It was found that 39% of children were participating in hard exercise for at least 20 minutes three or more times a week. This figure is low compared with the figure of 53% reported for an older age group (9–17 years) who exercised four or more times a week.8 However, the fact that a premise of at least 20 minutes was stipulated may be a reason for this lower result. Prolonged exercise may not be the natural choice of younger children for whom activity may be typically intermittent.14 Fewer girls were participating in hard exercise, and this sex difference was also seen in a recent Irish study in which 45% of girls compared with 62% of boys reported exercising four or more times a week.8 Sex differences in the amount of vigorous physical activity performed have been reported by others, with girls exercising less than boys of a similar age.1416


Energy expenditure in regular physical activities was higher in boys, implying that boys participate in more vigorous activities for longer and/or more frequently than girls. Common activities preferred by boys, such as rugby, hurling, and soccer, require on average higher energy expenditure than some more female orientated activities of children of this age such as ballet. It is worrying that 24% of girls and 14% of boys are exercising less than the minimal recommendation. This study, however, only addressed regular physical activity and not the intermittent sporadic activity that is naturally seen in children of this age if given the opportunity. There was a difference in energy expended on regular activity between children in areas 4 and 5 combined compared with those in area 1, but these results may need to be interpreted with some caution because of the difference in numbers and low response rate in area 5.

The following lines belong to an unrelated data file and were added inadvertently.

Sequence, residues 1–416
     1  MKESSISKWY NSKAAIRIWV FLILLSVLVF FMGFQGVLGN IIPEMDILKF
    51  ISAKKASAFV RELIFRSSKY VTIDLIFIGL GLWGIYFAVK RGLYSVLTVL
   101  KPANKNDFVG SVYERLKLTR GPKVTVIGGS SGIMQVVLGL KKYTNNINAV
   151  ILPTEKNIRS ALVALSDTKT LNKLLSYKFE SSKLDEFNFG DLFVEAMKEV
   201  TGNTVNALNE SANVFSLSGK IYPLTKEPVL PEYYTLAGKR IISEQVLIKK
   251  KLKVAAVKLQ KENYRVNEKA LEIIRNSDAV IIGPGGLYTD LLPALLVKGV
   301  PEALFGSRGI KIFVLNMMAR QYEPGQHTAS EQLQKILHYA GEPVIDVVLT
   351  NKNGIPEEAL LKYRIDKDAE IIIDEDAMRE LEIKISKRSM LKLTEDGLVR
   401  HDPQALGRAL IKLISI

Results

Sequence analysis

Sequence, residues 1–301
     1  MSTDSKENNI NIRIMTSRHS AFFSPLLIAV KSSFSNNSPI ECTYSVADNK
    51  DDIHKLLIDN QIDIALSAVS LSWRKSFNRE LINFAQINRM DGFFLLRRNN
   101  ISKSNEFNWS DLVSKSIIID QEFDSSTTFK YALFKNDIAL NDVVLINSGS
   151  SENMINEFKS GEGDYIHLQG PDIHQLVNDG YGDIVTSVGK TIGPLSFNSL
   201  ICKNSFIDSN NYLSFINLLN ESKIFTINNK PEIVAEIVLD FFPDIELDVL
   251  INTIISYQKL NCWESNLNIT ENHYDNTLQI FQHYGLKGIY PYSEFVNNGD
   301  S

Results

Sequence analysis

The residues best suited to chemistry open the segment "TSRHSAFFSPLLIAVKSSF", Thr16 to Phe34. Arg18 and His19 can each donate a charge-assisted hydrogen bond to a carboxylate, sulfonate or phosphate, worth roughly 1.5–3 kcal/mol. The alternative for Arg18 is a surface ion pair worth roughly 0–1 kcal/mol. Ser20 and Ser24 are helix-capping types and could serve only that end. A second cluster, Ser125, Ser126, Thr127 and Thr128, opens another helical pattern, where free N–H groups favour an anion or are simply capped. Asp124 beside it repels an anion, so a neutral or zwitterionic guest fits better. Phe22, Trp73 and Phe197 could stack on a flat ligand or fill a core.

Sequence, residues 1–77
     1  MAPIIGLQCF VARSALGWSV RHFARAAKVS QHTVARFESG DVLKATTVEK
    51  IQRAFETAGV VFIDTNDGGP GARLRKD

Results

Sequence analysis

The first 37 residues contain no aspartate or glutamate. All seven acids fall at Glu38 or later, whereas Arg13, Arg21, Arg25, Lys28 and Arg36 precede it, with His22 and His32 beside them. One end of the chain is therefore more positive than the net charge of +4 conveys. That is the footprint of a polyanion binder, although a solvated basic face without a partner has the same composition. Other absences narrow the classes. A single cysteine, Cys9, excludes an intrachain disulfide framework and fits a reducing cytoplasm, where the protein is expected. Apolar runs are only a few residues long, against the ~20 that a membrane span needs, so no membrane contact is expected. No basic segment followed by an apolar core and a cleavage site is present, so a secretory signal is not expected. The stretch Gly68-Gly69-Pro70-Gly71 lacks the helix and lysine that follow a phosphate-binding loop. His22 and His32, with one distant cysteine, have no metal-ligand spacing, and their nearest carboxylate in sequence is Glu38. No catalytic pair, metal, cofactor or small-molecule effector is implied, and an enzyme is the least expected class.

All schools had either one or two periods of PE a week, with a mean duration of 20–30 minutes. Teachers reported that the locations for PE were appropriate, but some teachers stated that more time should be devoted to PE, as they were concerned about the general levels of physical activity in children.


Overall, 57% of children were reported to engage in 20 minutes of light exercise at least three times a week, and there were no significant differences between the sexes. Other studies have reported minimal or no difference in moderate activity between boys and girls.14, 15 Of concern is the lack of even moderate activity in 43% of the sample. Activities such as cycling and walking are important lifestyle activities that can help to prevent many diseases in adulthood. Formation of these lifestyle habits in childhood may influence activity patterns in adulthood.2 Of interest was the difference in the proportion of children in area 1 and areas 4 and 5 who walked to school—that is, comparing those of higher socioeconomic status with lower. Overall, 33% of children were driven to school by car and 5% went by bus. Some 40% walked, and 20% walked part of the way. These figures are in contrast with a previous study in 1990, in which 77% of primary schoolchildren were driven to school.7 It is not clear in the latter study whether some children were from rural areas that were too distant from school for walking.